teens against blue wall in homemade face coverings

How Are Your Kids Coping During COVID-19?

I’ve always looked forward to having a great relationship with my children, bonus kids and youth that I encounter on a daily basis. Over the past year, I’ve noticed that so many of our youth were not as happy or engaged. I am a strong believer in them finding a safe space to express and relieve some of the stress of everyday life. Our youth are becoming increasingly stressed, frustrated, overwhelmed and depressed. One of the best things about having children at home is they keep me at the pulse of youth conversations across the entire spectrum of age groups. 

Self Care and Mental Health Activities for Our Youth

The children I interviewed were frustrated with parental talk about politics that filtered over into their learning environments at school. Some students lost “friends” because they didn’t want to have adult conversations. Every conversation was fueled with negativity and students struggled to have fun. 

Another group was upset with the new policies and procedures at school. They questioned, “If we were quarantined from this deadly virus when numbers were low, why are we going back to school when the numbers are higher?” Students were afraid of getting COVID-19 or being a carrier of the virus to their loved ones that may have pre-existing conditions. Students are struggling to find security in a safe learning environment. 

Some of them even missed life events that they were looking forward to participating in like vacations, camps, celebrations, passing of someone special and social events that were a part of their self-care routines. A few families shared that their mom lost her job, car or house, and they have to live with other family members in a shared space that is not helpful for them as young people to cope with the new changes.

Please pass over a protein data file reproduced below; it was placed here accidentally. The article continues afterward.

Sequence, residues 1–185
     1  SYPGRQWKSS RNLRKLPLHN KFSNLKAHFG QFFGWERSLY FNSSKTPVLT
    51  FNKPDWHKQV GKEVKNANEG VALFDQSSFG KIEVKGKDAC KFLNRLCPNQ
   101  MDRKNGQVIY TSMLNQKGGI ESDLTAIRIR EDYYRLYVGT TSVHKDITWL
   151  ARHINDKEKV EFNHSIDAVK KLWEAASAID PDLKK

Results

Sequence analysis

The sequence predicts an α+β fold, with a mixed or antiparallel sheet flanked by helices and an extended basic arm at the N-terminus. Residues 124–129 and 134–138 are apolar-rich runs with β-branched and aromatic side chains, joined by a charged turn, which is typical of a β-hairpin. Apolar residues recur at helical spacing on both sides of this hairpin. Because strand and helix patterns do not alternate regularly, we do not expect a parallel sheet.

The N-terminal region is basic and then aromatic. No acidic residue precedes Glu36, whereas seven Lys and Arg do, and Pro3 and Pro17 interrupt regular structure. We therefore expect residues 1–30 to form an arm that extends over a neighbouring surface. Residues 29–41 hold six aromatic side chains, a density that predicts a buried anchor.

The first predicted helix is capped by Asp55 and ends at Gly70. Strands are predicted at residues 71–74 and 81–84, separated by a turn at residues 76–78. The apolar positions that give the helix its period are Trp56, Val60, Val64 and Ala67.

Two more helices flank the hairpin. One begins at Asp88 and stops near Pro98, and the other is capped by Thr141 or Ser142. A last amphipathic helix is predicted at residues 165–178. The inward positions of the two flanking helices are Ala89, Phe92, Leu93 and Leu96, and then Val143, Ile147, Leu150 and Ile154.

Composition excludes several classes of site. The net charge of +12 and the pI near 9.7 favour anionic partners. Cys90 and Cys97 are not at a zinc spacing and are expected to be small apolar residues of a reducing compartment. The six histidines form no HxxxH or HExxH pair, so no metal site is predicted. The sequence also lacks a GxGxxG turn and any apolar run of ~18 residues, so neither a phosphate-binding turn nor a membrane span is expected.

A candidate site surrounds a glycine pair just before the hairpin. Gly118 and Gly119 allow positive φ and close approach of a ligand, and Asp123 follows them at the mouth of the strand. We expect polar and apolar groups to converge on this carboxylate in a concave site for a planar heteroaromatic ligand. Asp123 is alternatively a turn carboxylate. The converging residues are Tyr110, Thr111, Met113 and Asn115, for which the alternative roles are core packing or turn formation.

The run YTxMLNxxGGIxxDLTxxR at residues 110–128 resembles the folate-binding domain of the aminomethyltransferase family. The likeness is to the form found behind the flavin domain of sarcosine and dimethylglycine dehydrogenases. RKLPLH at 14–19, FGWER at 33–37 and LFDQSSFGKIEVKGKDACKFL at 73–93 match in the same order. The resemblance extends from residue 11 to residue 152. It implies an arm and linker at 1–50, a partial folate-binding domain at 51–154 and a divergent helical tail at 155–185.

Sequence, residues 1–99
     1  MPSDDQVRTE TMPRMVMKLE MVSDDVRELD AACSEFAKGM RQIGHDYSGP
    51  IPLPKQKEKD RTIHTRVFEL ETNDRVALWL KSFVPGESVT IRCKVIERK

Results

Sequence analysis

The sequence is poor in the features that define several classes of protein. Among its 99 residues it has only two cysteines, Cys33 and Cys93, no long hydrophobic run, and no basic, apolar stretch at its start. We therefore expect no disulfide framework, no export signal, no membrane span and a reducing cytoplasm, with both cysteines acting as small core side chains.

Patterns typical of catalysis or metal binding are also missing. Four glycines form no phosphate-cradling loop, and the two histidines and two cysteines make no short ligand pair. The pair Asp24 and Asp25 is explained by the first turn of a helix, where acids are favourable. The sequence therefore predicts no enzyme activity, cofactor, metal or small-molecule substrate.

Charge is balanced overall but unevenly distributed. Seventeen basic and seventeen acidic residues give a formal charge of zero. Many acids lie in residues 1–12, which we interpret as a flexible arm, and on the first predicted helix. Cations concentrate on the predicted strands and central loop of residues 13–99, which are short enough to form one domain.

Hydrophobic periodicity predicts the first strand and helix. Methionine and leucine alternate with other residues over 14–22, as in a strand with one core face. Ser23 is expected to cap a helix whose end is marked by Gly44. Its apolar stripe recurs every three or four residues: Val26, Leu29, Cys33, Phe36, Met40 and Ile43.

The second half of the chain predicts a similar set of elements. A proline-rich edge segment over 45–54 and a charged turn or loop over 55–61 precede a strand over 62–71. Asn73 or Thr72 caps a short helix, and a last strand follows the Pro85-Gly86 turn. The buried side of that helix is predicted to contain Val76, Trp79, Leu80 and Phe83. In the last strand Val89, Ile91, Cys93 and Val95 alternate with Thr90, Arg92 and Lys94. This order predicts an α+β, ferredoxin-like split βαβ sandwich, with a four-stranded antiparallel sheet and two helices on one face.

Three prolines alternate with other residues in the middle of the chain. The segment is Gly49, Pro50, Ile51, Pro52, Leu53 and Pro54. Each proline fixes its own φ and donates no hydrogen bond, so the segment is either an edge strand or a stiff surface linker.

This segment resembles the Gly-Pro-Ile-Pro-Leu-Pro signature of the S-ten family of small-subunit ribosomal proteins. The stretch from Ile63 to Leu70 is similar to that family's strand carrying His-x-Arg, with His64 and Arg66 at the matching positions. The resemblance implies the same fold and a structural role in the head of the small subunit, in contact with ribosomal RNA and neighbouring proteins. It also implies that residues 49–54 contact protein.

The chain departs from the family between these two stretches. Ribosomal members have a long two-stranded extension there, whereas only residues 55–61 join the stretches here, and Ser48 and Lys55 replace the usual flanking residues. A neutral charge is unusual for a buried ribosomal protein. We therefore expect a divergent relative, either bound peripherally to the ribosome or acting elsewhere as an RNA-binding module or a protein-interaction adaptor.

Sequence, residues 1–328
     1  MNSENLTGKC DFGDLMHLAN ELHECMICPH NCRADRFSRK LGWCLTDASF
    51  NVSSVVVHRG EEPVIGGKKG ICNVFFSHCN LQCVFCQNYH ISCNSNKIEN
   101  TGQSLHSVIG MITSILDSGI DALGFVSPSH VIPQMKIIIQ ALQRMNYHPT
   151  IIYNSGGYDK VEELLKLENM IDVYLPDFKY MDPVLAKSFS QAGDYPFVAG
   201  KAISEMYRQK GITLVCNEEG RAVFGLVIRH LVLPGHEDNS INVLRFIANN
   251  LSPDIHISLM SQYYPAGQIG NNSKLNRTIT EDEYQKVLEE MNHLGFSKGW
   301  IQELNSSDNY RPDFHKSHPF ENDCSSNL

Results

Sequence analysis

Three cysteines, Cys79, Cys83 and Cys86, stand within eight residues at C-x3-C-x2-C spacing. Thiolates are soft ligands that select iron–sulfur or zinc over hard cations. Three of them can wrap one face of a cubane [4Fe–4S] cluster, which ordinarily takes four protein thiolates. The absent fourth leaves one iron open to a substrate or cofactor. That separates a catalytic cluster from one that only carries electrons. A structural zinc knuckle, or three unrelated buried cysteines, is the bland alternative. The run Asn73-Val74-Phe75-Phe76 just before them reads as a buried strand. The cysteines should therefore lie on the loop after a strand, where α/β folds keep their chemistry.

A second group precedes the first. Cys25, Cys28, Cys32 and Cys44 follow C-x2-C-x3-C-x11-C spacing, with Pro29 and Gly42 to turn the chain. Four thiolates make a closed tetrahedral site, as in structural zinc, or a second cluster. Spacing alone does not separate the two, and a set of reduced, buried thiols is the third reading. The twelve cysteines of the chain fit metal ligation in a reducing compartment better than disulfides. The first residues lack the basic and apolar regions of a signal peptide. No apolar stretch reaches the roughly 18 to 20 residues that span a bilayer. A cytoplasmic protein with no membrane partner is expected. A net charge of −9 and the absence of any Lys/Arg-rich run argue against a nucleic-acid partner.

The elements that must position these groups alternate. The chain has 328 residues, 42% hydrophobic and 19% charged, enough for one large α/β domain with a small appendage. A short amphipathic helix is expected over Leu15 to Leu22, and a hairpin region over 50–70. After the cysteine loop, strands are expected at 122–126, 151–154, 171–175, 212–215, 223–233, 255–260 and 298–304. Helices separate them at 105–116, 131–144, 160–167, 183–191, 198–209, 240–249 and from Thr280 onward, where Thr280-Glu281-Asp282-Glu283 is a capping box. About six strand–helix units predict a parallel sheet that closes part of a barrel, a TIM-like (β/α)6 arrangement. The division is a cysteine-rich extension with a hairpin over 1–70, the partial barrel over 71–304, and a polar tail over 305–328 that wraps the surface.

I feel as if our youth are overwhelmingly depressed by the nation’s inability to offer resources to schools and for them in their communities. Some students are in need of a break and not expected to still “be perfect” when they are hungry and homeless. They are scared or embarrassed to expose their parents’ situations by asking others for help with their food insecurities. 

I know my household has a strong core for mental health and self-care, but honestly the past year has put my experiences as a mother to the test. So, I decided to share some of the things I offer my family to see if it could help someone reading this magazine use them with their little ones or share with another family.

Ways to Help Kids and Teens Cope with the Stress of COVID-19

  1. Establish an individual and family self-care routine
  2. Focus on true expression of feelings. I am angry because… I am feeling depressed because… 
  3. Encourage everyone to stay in the moment
  4. Find time to do low stress/individual activities
  5. Share your parental experiences to promote self-awareness, concepts and family esteem
  6. Practice what you preach – Your children are watching and learning
  7. Enjoy the arts
  8. Listen to learn, not to prove you’re right
  9. Give love with hugs and quality time every day, all day

Ensuring our youth’s social, emotional mental health is great helps us as a community continue to grow successful and productive future leaders.

Shy Morris, native to NSB for four generations, and a lover of all things positive. Her art has carried her around the world and her award winning STEAAM curriculum has inspired and empowered 1000s of youth in Volusia County. Shy loves everything community and loves to see kids thriving with high self esteem, great values and ready to be productive citizens.

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